Sunspel and Ian Fleming: The finer things

For the launch of our new Sea Island cotton capsule collection, released in collaboration with the Ian Fleming EstateTM, journalist Rob Ryan explores the luxury products favoured by James Bond and his equally discerning creator

It is probably fair to say that writer Ian Fleming didn't like to travel too far for his inspirations. His own life and career, from expelled schoolboy to skiing with pre-war spies in Austria, from masterminding covert operations in the Second World War to globe-trotting foreign correspondent and, eventually, wildly successful author, provided all the background he needed for his novels. So, he liked to stay close to home. Legend has it that Fleming, a keen ornithologist, plucked the name of his famous spy from Birds of the West Indies by James Bond, which was sitting within arm's reach in his study. Once he had the name, when it came to fleshing out the world of Bond, Fleming very much drew upon his own tastes, for he was a man who, like his creation, very much enjoyed the finer things in life.

So, for instance, when Bond appreciates the toiletries Dr No has left him in his room/cell, the cosmetics were taken from Fleming's own bathroom cabinet: "There was everything… Floris Lime bath essence for men and Guerlain bathcubes for women. He crushed a cube into the water and at once the room smelled like an orchid house. The soap was Guerlain’s Sapoceti, Fleurs des Alpes."

And, when it comes to his wardrobe, Bond very much likes silky-smooth Sea Island cotton next to his skin. And who could blame him? We'll come back to that. But where did this peppering of brands in the books come from? It wasn't what we now called "product placement", as deployed in the movies, as no money changed hands for Bond to declare a preference for a soap, a gin, a cigarette, a car or even his underwear: “By the time he had taken a hot shower followed by an ice-cold one and pulled on a fresh pair of Sea Island cotton underpants the bourbon had arrived.”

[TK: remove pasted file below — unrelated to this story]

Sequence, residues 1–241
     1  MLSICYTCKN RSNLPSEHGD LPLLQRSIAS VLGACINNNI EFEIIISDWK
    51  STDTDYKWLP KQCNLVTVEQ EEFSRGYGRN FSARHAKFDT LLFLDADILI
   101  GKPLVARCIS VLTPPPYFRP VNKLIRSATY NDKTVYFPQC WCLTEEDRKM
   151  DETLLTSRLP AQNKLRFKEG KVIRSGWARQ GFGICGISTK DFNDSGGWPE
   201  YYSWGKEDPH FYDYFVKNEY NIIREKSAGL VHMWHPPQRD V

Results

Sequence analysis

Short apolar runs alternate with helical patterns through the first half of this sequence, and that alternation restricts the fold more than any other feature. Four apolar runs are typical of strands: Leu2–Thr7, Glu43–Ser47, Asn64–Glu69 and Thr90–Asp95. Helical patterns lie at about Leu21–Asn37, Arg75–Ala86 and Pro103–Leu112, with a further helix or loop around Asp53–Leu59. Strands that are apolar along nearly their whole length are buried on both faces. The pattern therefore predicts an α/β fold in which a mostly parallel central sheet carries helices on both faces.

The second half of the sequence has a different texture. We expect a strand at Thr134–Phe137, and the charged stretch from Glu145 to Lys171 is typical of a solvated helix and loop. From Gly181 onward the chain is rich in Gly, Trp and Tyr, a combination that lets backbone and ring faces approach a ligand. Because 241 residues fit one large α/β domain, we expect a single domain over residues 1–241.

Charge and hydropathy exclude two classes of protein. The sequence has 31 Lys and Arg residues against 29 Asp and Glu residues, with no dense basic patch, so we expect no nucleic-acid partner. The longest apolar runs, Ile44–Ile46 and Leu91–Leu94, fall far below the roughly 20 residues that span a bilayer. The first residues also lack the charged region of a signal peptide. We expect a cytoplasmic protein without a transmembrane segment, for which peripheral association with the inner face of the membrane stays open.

Ian Fleming, author of the James Bond novels writing in his garden

Fleming did sometimes address this use of what he called "props". He explained in a letter to the Manchester Guardian that he wanted Bond, like his name, to be anonymous and unflashy, as befitting a civil servant who just happened to have a lethal skillset.

"I wished him to be unobtrusive. Exotic things would happen to and around him but he would be a neutral figure—an anonymous blunt instrument wielded by a Government Department… To create an illusion of depth I had to fit Bond out with some theatrical props and, while I kept his wardrobe as discreet as his personality, I did equip him with a distinctive gun and… with distinctive cigarettes." He admitted that the use of these props quickly became a trademark of the Bond books, something of a monster he had to feed, although, compared to the rather crude promotion of brands in many Hollywood blockbusters, Fleming sprinkled his product names rather deftly.

He was well aware that this casual deployment of familiar if sometimes unobtainable brands was also catnip to the drab, rationed, bombed-out Britain that Casino Royale launched into in 1953. Bond gave readers adventure and thrills and the aspirational pleasures of exotic locations and good living. As Fleming put it in a letter "A rather precious though basically simple meal ordered by Bond proved so popular with my readers, still suffering from war-time restrictions, that expensive, though I think not ostentatious, meals have been eaten in subsequent books." These days we would probably call it gastroporn, but that rather cheapens the understandable allure that the fantasy of unrationed food offered a deprived, under-fed, sugar-free population (rationing of certain food items, including meat, did not end until 1954).